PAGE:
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Just an hour west of Helsinki, Fiskars was established in 1649  around an ironworks factory. Other industrial buildings, such as a granary and cutlery factory were built and are now home to accommodation, stores and galleries.

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The town was built around a river that acted as a means of transport as well as a source of power. The village is now home to a community of artists and artisans who live and work locally.

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Walking around we felt as though we had landed inside a scene from a Finnish calendar. Part of its beauty also lies in the fact that unlike some Finnish towns, Fiskars is open all year round (days & hours change in winter).

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The old fire station is still standing and is now a theatre, with a tower that was once used to hang hoses out to dry.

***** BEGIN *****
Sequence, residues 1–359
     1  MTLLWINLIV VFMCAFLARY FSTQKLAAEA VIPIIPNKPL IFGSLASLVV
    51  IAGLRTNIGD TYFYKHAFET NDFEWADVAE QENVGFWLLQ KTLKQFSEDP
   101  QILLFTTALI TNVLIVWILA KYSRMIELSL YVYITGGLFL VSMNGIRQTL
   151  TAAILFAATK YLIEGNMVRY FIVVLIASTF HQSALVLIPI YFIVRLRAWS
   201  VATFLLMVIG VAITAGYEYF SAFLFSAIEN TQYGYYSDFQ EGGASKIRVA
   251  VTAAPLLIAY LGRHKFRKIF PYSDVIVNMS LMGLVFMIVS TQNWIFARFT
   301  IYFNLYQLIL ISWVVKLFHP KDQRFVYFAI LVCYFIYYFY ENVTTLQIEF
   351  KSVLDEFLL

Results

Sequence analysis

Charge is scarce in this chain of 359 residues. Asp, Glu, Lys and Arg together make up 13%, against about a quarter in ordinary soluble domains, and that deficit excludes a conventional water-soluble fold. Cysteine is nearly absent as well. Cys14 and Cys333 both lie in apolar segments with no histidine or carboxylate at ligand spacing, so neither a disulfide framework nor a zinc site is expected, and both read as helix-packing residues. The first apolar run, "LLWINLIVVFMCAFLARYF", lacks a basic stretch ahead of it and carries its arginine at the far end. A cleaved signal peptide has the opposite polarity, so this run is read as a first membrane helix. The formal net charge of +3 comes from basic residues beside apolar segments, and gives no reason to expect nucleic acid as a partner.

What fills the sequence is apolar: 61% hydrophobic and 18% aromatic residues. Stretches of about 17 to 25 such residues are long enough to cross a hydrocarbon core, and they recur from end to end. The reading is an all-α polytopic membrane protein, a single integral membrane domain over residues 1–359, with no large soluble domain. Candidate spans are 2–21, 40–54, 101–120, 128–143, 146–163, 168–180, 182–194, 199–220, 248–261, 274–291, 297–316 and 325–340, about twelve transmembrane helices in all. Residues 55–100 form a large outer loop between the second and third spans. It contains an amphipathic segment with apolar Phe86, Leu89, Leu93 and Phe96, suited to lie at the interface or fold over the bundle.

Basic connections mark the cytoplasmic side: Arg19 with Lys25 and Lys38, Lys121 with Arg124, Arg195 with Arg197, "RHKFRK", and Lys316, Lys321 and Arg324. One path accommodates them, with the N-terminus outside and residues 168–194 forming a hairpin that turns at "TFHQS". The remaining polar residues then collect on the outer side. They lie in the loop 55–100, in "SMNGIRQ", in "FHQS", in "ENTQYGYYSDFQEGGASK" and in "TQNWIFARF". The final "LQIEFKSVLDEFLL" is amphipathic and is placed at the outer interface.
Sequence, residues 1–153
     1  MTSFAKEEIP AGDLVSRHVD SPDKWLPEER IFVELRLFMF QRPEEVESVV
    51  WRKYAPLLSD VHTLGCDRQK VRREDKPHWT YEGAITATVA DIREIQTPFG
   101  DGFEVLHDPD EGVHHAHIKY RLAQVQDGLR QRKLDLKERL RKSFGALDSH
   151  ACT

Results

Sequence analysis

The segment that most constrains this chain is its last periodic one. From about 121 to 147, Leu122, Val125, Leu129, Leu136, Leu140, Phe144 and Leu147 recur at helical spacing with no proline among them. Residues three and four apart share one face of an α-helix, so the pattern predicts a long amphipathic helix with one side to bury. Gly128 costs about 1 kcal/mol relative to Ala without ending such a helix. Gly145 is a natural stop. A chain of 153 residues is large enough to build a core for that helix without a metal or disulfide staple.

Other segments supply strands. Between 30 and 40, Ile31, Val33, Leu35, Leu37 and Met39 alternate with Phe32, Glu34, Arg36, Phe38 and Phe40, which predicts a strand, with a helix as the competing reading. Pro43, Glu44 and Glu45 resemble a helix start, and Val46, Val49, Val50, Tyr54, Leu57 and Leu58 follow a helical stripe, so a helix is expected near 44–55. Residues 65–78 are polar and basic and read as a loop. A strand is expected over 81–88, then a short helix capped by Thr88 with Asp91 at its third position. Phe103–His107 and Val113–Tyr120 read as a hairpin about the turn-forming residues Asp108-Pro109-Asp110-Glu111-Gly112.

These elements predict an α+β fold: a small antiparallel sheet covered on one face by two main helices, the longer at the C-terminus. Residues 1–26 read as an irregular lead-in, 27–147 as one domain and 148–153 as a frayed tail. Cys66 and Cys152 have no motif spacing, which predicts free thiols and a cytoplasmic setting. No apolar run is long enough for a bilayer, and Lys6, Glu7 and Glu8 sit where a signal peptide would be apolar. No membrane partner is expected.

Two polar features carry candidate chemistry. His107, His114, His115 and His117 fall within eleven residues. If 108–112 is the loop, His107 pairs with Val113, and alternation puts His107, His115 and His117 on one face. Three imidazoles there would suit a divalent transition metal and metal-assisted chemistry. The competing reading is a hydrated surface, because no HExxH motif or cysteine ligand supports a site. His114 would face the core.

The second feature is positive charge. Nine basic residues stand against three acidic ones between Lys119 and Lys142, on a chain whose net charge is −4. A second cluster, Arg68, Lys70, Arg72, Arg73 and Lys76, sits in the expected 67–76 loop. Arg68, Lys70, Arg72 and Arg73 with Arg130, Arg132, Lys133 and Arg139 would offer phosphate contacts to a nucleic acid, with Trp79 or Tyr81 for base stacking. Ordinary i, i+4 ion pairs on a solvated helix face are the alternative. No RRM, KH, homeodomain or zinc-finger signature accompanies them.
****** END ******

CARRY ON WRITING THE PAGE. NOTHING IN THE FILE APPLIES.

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There’s an excellent modern playground as well as relics from the town’s past.

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We visited a candle shop housed in a former dairy, where we bought candles scented for Christmas.

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We also stopped by a brewery, housed in a former knife factory. We were interested to learn that some of their beers are made with New Zealand hops, as well as Finnish tar and spruce tips.

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Fiskars Village is very walkable – you don’t need a car – and there are places such as Petri’s Chocolate Room where you can stop to refuel.

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There are also lots of stores, selling jewellery, homewares, clothing and glass – most of which is handmade locally.